NorseAqua was acquired by CageEye during fall 2019, when the companies decided to join forces in order to realize their shared goal of optimizing seafood production in a sustainable way. After working together on solution development, sales, operations and support, the companies have now also finalized the move of all of their hardware production to Terråk, Bindal.
“One of the core strengths of NorseAqua has always been its ability to develop and produce high-quality hardware at a reasonable cost. The factory in Terråk is known for its hard-working, loyal, and highly skilled people. So to us, it was an obvious decision to move our CageEye hardware production to Terråk.” said Bendik Søvegjarto, CEO, CageEye.
The factory in Terråk has been producing materials for NorseAqua’s kelp systems, feed spreaders and other fish farming equipment since 2014. The company has been serving farmers in Norway and the rest of Europe.
“Robust hardware is essential in aquaculture. The environmental circumstances at fish farms can be rough. You don’t want a casing to break during a storm, so you need solid and high-quality production. It is great to have that in-house. Here in Terråk, we have lots of experience producing equipment for aquaculture that needs to be tough”, said Sveinung Kristiansen, CEO, NorseAqua.
A key element in the CageEye system is the hydroacoustic sensor that measures how the fish behave in the cage. The factory in Terråk was expanded, and an employee got trained to produce the parts needed for those sensors and the corresponding equipment.
CageEye’s growth plan for the coming years is to expand its business both into new geographies and into other species besides salmon. Moving production to Terråk is another step in accelerating the company’s growth. The production facility has the required resources and competence available and the production is scalable.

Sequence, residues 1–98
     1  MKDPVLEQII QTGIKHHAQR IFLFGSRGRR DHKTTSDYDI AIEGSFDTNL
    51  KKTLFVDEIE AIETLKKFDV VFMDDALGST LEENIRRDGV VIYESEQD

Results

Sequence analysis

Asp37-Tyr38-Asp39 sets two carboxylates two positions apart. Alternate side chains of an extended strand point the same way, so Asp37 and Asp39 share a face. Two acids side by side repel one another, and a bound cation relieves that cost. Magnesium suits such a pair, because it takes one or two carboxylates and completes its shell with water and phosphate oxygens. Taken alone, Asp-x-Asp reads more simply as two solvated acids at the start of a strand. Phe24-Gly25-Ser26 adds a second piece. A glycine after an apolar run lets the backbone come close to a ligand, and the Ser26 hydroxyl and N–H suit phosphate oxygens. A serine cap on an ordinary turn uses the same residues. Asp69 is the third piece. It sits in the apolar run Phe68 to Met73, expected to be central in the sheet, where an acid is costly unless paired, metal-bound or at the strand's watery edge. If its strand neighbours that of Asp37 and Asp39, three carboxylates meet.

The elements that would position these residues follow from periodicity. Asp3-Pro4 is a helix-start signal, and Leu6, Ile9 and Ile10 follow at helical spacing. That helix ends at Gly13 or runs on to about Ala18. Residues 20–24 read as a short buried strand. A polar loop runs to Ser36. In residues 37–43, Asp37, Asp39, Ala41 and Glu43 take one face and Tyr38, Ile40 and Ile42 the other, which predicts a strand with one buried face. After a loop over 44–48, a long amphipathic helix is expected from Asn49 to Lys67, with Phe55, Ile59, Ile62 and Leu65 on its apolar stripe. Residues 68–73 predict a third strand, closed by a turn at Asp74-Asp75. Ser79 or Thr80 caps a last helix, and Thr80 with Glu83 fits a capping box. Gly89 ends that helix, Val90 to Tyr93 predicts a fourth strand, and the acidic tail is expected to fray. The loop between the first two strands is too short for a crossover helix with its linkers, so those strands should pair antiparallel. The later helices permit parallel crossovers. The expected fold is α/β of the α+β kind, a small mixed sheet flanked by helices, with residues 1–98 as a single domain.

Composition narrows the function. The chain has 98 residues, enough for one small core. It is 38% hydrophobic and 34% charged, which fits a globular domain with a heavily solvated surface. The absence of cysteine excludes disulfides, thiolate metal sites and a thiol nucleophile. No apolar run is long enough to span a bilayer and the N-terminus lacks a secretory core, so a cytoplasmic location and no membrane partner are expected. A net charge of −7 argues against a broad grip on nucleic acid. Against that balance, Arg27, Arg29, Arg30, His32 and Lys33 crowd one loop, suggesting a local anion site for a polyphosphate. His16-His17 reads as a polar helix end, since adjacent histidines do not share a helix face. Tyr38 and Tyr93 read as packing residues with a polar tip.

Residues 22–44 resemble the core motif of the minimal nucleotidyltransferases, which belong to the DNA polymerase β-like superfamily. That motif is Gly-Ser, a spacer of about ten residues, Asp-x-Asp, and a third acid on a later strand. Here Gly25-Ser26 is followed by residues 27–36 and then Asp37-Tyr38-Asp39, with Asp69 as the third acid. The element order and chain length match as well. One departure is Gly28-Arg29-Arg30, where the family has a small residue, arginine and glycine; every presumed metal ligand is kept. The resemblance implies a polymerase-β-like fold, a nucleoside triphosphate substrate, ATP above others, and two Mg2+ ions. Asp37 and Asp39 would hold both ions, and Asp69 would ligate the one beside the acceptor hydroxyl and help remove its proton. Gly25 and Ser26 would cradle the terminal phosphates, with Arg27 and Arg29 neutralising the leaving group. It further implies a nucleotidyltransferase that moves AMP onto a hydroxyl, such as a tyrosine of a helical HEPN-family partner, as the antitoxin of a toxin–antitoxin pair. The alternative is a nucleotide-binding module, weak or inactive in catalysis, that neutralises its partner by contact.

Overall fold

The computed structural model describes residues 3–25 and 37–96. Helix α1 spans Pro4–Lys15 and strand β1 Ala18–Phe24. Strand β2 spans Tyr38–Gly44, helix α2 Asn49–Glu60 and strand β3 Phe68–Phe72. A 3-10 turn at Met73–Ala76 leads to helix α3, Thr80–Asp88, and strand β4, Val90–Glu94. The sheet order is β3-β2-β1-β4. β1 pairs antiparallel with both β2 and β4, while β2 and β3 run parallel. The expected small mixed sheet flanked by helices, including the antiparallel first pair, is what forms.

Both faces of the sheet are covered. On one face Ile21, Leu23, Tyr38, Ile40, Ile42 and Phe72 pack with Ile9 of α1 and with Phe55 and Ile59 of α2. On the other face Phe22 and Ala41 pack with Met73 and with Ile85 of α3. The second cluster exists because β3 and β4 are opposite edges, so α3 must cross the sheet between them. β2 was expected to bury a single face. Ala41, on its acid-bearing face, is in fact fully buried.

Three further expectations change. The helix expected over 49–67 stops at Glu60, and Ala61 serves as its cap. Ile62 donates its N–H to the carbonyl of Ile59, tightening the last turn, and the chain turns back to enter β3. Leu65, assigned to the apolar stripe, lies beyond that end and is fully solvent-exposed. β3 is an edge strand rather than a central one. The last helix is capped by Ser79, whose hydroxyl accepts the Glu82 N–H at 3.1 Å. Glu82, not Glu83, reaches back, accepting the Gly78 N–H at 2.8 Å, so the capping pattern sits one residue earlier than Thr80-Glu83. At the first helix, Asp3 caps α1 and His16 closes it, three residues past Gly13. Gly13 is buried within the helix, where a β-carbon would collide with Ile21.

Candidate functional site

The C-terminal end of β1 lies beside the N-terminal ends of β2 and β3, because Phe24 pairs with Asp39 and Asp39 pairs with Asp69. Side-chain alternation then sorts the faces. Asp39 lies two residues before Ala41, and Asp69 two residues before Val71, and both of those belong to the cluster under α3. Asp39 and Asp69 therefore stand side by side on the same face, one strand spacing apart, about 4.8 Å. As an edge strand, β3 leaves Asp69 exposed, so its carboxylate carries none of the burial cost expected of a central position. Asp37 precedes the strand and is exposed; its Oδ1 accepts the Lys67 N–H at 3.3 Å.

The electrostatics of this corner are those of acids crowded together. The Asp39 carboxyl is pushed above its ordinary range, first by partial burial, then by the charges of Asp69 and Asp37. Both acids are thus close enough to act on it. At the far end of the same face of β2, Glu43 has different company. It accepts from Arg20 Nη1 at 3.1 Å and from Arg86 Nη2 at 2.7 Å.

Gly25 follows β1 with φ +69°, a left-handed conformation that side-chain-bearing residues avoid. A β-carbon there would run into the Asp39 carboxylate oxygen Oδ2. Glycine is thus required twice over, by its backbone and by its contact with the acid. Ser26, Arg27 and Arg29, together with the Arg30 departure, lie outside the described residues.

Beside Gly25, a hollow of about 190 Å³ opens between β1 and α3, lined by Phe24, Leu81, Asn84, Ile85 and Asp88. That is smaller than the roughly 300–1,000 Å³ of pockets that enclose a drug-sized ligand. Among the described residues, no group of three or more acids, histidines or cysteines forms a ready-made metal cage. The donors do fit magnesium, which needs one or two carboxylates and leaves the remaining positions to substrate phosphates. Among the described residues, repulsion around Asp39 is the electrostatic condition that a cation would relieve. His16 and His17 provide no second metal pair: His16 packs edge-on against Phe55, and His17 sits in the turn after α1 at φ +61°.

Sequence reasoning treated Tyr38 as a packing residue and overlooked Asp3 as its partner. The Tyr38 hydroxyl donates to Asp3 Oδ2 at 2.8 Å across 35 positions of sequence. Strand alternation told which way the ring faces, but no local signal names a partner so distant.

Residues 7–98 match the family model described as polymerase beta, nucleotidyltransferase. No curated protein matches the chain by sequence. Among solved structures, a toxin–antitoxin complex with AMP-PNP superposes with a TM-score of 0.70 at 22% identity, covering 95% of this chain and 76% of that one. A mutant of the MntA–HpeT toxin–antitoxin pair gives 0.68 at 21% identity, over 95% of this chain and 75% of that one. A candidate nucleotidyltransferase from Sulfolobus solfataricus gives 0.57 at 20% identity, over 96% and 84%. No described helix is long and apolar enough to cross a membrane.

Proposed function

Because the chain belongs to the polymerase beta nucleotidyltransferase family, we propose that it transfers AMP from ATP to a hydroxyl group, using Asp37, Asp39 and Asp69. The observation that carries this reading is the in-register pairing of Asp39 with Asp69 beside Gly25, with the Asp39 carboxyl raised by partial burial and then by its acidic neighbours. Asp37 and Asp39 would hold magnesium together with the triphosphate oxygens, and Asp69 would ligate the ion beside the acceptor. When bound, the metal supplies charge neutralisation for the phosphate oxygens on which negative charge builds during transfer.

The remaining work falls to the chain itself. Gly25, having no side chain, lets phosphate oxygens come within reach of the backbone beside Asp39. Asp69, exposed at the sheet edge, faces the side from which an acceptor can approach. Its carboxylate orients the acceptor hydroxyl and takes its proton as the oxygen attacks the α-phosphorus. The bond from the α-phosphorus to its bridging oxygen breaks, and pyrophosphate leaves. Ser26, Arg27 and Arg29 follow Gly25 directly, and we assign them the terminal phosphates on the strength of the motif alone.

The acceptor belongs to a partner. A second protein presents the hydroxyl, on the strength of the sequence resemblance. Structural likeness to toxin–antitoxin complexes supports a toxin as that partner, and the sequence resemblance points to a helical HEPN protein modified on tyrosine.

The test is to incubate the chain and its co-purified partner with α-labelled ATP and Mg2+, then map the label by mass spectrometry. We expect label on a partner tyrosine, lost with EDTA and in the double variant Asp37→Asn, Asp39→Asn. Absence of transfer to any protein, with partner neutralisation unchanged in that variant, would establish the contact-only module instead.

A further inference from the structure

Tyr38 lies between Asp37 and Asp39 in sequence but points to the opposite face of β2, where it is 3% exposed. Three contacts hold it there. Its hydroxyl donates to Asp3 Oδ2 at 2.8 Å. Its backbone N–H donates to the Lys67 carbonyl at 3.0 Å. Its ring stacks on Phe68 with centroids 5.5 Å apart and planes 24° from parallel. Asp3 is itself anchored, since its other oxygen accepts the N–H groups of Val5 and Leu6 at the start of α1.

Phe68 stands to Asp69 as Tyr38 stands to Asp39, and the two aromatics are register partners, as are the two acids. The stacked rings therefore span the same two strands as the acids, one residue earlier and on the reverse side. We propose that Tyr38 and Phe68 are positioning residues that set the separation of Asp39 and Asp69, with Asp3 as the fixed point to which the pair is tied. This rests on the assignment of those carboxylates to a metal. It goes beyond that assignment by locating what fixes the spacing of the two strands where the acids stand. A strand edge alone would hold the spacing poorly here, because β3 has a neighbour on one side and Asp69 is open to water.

“There are 14 people working in our factory right now, producing products for farmers all around the world. Our expectation is to produce more new products in 2020. We have room to grow and we can easily set up additional production lines,” said Kristiansen.
“Given the ambitions we have, I am sure that in a few years from now, we will make many more products here in Terråk and we will further strengthen our position in the region,” he said.
One of the biggest challenges in coastal communities such as Terråk, is to provide enough and meaningful jobs for the local population. This will be particularly important as the Norwegian economy begins to recover from the Corona crisis.
“We are happy to have all of CageEye’s and NorseAqua’s production here in Terråk, so we provide jobs to the local community. It also shows evidence of the quality we have to offer here in Bindal,” said Kristiansen.
Farmed salmon is one of Norway’s main export commodities, and the aquaculture sector is a substantial contributor to its economy. The sector is expected to continue its vast growth internationally too in the coming years, with aquatech being the catalyst for optimizing production sustainably.
“As the world population grows and the demand for high quality and sustainably produced food continues to increase, we need to produce more, more efficient and with less impact. Our solutions help optimize food production in a sustainable way,” said Søvegjarto.